Original NASA ASRS Text
Title: A B747-400 RELIEF PILOT REPORTS THE MAINT INFO GIVEN ON THEIR ACFT THAT 'SPARKS HAD BEEN OBSERVED BY PAX AFTER TKOF;' WHILE THE MAINT SIGN-OFF STATED 'NO ABNORMALITIES NOTED;' WAS NOT ADEQUATE. ENG LATER FAILED IN FLIGHT.
Narrative: THIS RPT INTENDED AS FOLLOW UP TO PREVIOUSLY FILED RPTS CONCERNING THIS FLT. WHEREAS OUR FLT CREW WAS GIVEN MAINT INFO ON OUR ACFT THAT INDICATED THAT 'SPARKS HAD BEEN OBSERVED BY A PAX LEAVING ZZZZ;' AND THE MAINT WRITE-OFF ON THIS MATTER WAS 'NO ABNORMALITIES NOTED.' IT WAS LATER FOUND THAT THERE WAS QUITE A BIT MORE INFO AVAILABLE REGARDING THIS PARTICULAR ENG (#1). THE PREVIOUS RPT NOW CONTAINS MAINT EXPLANATIONS REGARDING THIS MATTER WHICH STATE THAT ZZZZ HAD PERFORMED MAINT ON THIS ENG FOLLOWING WHAT APPEARS TO BE ANOTHER RPT OF SPARKS EMANATING FROM THE SAME ENG. (THE ENG WAS CHKED GOOD BY ZZZZ MAINT ON JUN/XA/08; AFTER A FLT ATTENDANT RPTED 'SPARKS' COMING FROM ENG PER MR X.) FURTHER THERE ARE RPTS OF MAINT AND ENGINEERING AT ACR HAVING DATA SHOWING 'EXCEEDANCES' ON THIS ENG ON THE LEG PRIOR TO OUR FLT. WE (THE FLT CREW) DID NOT KNOW ABOUT THE PREVIOUS INCIDENT; THE EXCEEDANCES OR THE ASSOCIATION OF THE ENG PROB WITH A DIFFERENT WRITE-UP CONCERNING THE TURBINE CASE COOLING. WITH REGARD TO FUTURE FLTS; AND IN KEEPING WITH OUR RESPONSIBILITY TO ADVOCATE ACTIONS BASED ON INFO ABOUT THE STATUS OF AN ACFT THE FOLLOWING QUESTIONS ARE POSED: 1) HOW CAN A FLT CREW BEST INFORM ITSELF OF ALL ASPECTS OF AN ACFT'S STATUS? 2) WHAT SOURCES ARE AVAILABLE TO US TO SEE A MORE COMPLETE HISTORY OF AN ACFT'S STATUS? 3) WITH REGARD TO PROBLEMATIC AREAS OF THE ACFT; WHAT DATA IS REQUIRED TO BE PROVIDED TO THE FLT CREW BY ACR MAINT? CALLBACK CONVERSATION WITH RPTR REVEALED THE FOLLOWING INFO: REPORTER STATED HE IS RAISING THE ISSUE ABOUT THE LACK OF TRANSPARENCY OR ACCESSIBILITY REGARDING ADEQUATE MAINT INFORMATION AVAILABLE TO FLIGHT CREWS ESPECIALLY DURING PREFLIGHT. AFTER A PREVIOUS REPORT BY A PASSENGER ON THEIR B747-400 ACFT; ABOUT 'SPARKS EMANATING FROM THE #1 ENG AFTER TKOF;' BUT SIGNED-OFF AS 'NO ABNORMALITIES NOTED;' HE DECIDED TO SIT IN A PAX SEAT DURING TKOF AND NOTED 'TRAILS OF LIGHT EXITING THE #1 ENGINE'. THE SPARKS STOPPED AFTER THEY LEVELED OFF. BUT LATER IN THE FLIGHT; WHILE HE WAS BACK IN THE COCKPIT; THE ACFT EXPERIENCED A SEVERE YAW; THE #1 ENGINE HAD A RAPID EGT RISE; THEN THE EGT REDLINED; A LOSS OF ENGINE THRUST FOLLOWED AND THE ENGINE SHUTDOWN. REPORTER STATED THEY WERE NOT MADE AWARE OF ANOTHER PREVIOUS SECOND PAX REPORT FOR THE SAME ISSUE OF SPARKS EXITING THE ENGINE; NOR THE MAINT WORK DONE ON THE #1 ENGINE PRIOR TO DEPARTURE UNTIL AFTER THEY LANDED WITH THE FAILED ENGINE.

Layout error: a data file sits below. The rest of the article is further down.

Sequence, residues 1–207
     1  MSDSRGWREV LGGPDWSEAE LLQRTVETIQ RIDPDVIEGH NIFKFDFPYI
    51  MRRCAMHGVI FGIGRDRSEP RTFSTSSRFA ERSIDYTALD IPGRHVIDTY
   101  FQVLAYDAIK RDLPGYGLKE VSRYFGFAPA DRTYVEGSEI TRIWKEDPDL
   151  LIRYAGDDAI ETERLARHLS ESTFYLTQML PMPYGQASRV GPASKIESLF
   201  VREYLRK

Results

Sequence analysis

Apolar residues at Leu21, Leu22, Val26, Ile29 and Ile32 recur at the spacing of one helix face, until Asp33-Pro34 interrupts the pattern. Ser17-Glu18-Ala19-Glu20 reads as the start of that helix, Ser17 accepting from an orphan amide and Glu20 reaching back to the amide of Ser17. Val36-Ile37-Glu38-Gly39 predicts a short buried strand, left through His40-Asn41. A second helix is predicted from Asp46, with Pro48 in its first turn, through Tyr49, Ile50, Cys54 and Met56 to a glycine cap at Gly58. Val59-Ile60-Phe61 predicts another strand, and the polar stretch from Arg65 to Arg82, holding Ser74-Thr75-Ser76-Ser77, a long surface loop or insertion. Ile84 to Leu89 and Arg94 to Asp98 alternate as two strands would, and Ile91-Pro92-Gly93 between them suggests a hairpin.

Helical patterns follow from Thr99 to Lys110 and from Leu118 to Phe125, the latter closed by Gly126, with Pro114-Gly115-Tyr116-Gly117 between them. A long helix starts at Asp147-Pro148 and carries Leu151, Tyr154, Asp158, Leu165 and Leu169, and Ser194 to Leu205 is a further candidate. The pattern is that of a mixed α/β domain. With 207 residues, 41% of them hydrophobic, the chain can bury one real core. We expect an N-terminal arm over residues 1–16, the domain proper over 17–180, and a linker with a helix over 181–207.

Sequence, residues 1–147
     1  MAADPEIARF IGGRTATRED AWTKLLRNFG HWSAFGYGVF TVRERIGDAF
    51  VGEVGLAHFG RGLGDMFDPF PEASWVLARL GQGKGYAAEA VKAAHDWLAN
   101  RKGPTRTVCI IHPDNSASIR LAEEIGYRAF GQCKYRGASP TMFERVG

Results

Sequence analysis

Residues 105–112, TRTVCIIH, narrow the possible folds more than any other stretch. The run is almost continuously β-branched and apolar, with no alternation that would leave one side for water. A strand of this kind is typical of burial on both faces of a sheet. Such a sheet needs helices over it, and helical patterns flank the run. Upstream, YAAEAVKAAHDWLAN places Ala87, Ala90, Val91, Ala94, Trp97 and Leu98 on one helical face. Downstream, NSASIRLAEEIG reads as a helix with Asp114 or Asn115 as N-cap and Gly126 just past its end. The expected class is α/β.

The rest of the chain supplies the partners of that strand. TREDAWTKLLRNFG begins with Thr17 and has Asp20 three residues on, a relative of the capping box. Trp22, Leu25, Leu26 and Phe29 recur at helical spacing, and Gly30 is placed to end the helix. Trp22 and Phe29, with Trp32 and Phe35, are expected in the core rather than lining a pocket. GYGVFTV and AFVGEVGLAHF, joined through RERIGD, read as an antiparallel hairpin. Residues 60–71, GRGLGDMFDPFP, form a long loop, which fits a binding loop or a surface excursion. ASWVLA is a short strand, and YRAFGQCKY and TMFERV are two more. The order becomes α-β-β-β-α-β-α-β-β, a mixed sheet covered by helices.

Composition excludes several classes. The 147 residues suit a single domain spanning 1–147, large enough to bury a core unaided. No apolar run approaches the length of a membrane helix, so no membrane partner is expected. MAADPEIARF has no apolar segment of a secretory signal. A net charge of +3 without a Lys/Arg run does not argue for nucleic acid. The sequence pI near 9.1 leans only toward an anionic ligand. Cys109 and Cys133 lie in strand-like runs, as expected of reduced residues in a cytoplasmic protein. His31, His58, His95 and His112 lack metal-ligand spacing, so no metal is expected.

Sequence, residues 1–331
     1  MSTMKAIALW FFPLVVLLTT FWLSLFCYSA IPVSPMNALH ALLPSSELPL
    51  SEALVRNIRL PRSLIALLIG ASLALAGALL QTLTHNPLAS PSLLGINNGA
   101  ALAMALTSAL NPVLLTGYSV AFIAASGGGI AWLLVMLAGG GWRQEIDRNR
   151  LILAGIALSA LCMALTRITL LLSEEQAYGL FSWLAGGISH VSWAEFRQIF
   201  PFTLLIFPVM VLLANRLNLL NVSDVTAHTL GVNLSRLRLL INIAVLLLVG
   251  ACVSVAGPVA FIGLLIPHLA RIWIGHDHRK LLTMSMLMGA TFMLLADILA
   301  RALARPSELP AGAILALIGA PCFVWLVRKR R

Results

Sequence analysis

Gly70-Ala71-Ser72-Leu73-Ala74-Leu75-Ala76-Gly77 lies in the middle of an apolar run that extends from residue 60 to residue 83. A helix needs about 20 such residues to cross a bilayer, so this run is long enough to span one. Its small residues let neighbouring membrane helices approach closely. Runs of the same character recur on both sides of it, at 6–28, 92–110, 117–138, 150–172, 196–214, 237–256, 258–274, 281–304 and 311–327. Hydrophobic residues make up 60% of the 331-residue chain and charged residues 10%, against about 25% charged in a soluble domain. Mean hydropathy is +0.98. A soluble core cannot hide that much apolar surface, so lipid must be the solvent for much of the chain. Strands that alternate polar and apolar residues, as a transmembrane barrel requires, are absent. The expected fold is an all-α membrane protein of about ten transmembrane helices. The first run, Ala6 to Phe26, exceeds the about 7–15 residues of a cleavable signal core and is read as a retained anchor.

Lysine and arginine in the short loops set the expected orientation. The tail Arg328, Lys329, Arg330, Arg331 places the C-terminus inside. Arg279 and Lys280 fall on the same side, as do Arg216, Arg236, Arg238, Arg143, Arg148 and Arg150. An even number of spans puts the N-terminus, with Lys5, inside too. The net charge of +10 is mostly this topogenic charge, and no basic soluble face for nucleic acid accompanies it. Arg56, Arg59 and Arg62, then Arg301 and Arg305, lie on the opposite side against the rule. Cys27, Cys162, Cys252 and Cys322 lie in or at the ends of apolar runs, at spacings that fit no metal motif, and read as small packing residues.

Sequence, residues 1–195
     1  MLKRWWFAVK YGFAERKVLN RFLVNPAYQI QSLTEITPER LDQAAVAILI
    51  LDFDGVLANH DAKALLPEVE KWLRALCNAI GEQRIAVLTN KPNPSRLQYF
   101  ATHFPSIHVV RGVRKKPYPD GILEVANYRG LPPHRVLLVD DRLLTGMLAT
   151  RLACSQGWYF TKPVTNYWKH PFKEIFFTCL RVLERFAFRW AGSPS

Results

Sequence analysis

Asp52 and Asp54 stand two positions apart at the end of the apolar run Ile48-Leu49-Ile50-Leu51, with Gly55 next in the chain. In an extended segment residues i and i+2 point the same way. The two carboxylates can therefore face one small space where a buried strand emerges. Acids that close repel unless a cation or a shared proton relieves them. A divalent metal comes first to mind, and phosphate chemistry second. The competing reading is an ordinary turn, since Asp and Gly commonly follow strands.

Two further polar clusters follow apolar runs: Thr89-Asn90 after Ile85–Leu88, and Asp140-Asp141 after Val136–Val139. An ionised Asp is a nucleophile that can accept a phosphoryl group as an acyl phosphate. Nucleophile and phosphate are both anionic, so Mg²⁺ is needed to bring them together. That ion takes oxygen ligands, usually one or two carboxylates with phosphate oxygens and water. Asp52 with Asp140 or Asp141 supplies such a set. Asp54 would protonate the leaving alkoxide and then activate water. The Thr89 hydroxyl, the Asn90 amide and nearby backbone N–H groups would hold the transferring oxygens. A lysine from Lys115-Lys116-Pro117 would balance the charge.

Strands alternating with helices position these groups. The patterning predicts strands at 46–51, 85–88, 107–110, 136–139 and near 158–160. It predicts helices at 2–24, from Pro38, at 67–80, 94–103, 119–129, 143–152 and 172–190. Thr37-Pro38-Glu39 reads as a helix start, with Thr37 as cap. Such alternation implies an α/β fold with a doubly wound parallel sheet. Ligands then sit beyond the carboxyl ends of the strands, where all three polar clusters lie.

Data retrieved from NASA's ASRS site as of May 2009 and automatically converted to unabbreviated mixed upper/lowercase text. This report is for informational purposes with no guarantee of accuracy. See NASA's ASRS site for official report.